has the monitors fed by images from the cctv's. Underneath the eaves of one side, is a clothesline where several jersey shirts are drying. One side of the pantaw [traditional architectural term which means the small covered veranda/platform connected to a hut] has a cooking space where i can see a kaldero atop a wood-fed stove, at the other side is a built-in sitting space, also made of bamboo. Visitors came by two's or three's or fours, never more than ten. There was a small group there with one of the older member wearing the FSUU shirt. I took a lot of photos. They took a lot of photos as well. The management of the eco-park, besides asking for admission fees, also sold memorabilia. I bought a coffee mug and two keychains. The highlight of the whole visit there was when one of those trappers who captured and transferred the crocodile into this eco-park, went inside the enclosure and applied an antiseptic medicine to several parts of the croc's body. It seems those white portions in Lolong's body are not good for him. The trapper tied a swab of cotton at the tip of a long stick and carefully daubed the medicine on to those spots. I admired the guy for his patience in answering the repetitive question of the tourists. He told us that Lolong weighs 1,075 kilograms, which is approximately the weight of two adult carabaos. That he eats only three times a month. He is fed 10 kilograms of meat, usually beef, per meal. I asked him how old Lolong is. He replied about fifty years, and that they can live for as long as a hundred. Lolong was named after one of the certified trappers they hired for the job from Palawan who died from a heart attack two days before the crocodile was captured. The trapper answered all these while he was inside the enclosure. He answered the questions again when he came out of the enclosure, to other tourists came to visit. We watched a video made by the local government which detailed all the events leading to the capture of the crocodile. It was informative though boring, and they used a lot of unnecessary music for dramatic effect. We then had coffee inside one of the several makeshift vending huts by the side of the eco-park. On the way back I started to notice the newer buildings being built in this province. There was a beautiful airconditoned gymnasium in the town of San Francisco. In Bayugan, the schools are really well-kept and clean. They are also starting to build a promising rotunda, a sort of mini-halfcoliseum where all sorts of activities will be done upon its central raised stage. I noticed several buildings in the older looking city-center have Chinese names on them - Lim, Ong, etc. San Francisco town also has a really beautiful chapel which I should have taken a photo of. It was an architectural construction dominated by a high, steep roof. Its location at the top of a hill made it more majestic. The Philippine Independent Church's building is folksy-looking with those brightly-painted statues outside its doors like something from Mexico. I took note of several of the religious groups and denominations - Aglipayan churches, Iglesia ni Cristo churches, Catholic chapels and churches, various Protestant churches, Ang Dating Daan, and the Jesus Miracle Crusade. We overtook several 'Saddam trucks' which are those American-made military trucks sold as surplus to countries like the Philippines, after the fall of Saddam Hussein.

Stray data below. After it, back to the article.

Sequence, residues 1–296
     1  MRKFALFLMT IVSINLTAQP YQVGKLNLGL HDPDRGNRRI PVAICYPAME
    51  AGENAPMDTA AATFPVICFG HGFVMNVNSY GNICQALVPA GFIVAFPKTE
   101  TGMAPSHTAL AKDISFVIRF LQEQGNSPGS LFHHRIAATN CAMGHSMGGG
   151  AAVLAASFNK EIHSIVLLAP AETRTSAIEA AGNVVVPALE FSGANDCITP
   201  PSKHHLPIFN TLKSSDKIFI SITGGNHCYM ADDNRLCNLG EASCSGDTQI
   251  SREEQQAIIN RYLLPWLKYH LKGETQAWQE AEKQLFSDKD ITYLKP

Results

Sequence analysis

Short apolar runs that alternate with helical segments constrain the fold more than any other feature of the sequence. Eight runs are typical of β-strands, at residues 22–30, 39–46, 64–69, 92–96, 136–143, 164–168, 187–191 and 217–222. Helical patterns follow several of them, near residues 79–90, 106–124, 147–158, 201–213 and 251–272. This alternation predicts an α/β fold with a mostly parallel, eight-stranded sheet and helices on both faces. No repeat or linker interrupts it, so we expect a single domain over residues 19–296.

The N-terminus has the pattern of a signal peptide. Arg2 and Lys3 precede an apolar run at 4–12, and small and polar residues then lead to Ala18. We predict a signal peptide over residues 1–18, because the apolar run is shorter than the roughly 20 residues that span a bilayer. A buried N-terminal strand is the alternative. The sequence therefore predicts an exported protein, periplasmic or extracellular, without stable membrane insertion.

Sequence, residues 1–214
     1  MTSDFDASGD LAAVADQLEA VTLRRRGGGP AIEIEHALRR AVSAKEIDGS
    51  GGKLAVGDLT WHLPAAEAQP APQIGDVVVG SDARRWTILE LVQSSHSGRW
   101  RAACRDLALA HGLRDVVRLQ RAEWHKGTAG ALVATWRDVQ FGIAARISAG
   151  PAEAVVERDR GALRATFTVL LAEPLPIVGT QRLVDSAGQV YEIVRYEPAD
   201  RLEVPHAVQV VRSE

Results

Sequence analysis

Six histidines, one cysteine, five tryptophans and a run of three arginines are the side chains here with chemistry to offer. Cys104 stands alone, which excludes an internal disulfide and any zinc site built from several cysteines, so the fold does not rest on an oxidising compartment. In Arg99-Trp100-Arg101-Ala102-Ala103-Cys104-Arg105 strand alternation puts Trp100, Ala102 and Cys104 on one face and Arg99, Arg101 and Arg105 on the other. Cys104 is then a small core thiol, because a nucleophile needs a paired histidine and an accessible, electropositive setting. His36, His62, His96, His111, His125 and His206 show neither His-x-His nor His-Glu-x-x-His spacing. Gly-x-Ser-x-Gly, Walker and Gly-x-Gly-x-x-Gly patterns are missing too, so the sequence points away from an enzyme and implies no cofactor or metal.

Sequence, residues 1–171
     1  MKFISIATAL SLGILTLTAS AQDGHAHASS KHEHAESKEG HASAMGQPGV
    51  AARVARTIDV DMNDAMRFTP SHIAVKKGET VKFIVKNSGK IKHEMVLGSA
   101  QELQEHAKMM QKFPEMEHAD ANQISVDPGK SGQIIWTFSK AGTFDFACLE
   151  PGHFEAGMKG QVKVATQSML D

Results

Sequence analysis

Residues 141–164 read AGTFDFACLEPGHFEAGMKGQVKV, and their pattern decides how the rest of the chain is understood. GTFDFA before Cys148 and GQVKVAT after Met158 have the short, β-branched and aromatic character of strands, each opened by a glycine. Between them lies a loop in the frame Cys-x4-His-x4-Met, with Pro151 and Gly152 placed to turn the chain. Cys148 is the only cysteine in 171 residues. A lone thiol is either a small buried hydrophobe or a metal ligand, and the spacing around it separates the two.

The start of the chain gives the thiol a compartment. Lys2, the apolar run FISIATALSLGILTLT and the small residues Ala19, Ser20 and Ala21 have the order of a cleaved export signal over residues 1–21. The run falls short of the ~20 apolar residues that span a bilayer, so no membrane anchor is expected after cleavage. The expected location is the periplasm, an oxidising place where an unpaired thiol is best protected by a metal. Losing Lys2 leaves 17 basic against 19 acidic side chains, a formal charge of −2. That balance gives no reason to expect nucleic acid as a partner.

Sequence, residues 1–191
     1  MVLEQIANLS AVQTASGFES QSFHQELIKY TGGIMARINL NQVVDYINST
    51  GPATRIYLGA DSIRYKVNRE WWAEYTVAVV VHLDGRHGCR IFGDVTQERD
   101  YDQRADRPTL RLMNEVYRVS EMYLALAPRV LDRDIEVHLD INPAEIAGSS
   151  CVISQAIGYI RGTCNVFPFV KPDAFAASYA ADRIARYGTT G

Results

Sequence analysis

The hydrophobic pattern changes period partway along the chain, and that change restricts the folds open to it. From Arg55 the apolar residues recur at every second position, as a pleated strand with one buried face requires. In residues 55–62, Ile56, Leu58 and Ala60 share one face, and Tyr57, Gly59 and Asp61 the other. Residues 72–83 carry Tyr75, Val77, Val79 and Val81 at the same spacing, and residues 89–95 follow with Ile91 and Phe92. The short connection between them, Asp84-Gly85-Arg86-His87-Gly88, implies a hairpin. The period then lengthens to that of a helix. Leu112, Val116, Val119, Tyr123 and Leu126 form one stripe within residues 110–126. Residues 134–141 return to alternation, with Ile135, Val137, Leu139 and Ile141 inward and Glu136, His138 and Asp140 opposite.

It rained harder the way back home. Ricefields were flooded. From a distance, I could see the mountain ranges deeply hued in blue, emitting blankets of white mists which rose up to the heavens and covered the entire sky.
Originally posted in: http://karaangtawo.multiply.com/journal/item/181/Crocodiles-under-the-Rain-
[update: earlier this day, February 11, 2013, at 8:oo AM, Lolong was found by its caretakers dead. The alleged cause of death was diarrhea. His stomach was also found to be very inflated.] sources: http://www.philstar.com/headlines/2013/02/11/907519/lolong-worlds-largest-croc-dead http://www.dailymail.co.uk/news/article-2276791/Villagers-tears-worlds-largest-crocodile-diesPhilippines-Just-dont-ask-killed--.html?ito=feeds-newsxml#axzz2KYcRNFAq